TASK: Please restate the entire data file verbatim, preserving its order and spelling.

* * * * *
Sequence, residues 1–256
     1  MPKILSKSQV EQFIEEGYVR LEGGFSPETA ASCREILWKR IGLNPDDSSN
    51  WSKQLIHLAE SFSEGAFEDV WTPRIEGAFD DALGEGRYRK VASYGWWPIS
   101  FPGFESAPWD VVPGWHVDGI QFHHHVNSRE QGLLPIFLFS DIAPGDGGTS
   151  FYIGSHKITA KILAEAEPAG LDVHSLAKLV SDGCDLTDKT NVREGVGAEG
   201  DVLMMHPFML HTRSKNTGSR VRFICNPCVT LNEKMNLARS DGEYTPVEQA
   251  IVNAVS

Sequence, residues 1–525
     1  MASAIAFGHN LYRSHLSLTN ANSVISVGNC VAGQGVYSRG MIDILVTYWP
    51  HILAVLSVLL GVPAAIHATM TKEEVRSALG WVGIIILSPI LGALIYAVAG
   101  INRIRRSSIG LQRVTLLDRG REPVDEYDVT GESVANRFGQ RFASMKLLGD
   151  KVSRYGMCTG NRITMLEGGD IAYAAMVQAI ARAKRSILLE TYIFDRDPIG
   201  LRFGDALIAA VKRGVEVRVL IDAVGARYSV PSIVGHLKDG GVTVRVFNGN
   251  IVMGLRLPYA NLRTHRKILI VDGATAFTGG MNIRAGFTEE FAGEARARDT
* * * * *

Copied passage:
Sequence, residues 1–256
     1  MPKILSKSQV EQFIEEGYVR LEGGFSPETA ASCREILWKR IGLNPDDSSN
    51  WSKQLIHLAE SFSEGAFEDV WTPRIEGAFD DALGEGRYRK VASYGWWPIS
   101  FPGFESAPWD VVPGWHVDGI QFHHHVNSRE QGLLPIFLFS DIAPGDGGTS
   151  FYIGSHKITA KILAEAEPAG LDVHSLAKLV SDGCDLTDKT NVREGVGAEG
   201  DVLMMHPFML HTRSKNTGSR VRFICNPCVT LNEKMNLARS DGEYTPVEQA
   251  IVNAVS

Sequence, residues 1–525
     1  MASAIAFGHN LYRSHLSLTN ANSVISVGNC VAGQGVYSRG MIDILVTYWP
    51  HILAVLSVLL GVPAAIHATM TKEEVRSALG WVGIIILSPI LGALIYAVAG
   101  INRIRRSSIG LQRVTLLDRG REPVDEYDVT GESVANRFGQ RFASMKLLGD
   151  KVSRYGMCTG NRITMLEGGD IAYAAMVQAI ARAKRSILLE TYIFDRDPIG
   201  LRFGDALIAA VKRGVEVRVL IDAVGARYSV PSIVGHLKDG GVTVRVFNGN
   251  IVMGLRLPYA NLRTHRKILI VDGATAFTGG MNIRAGFTEE FAGEARARDT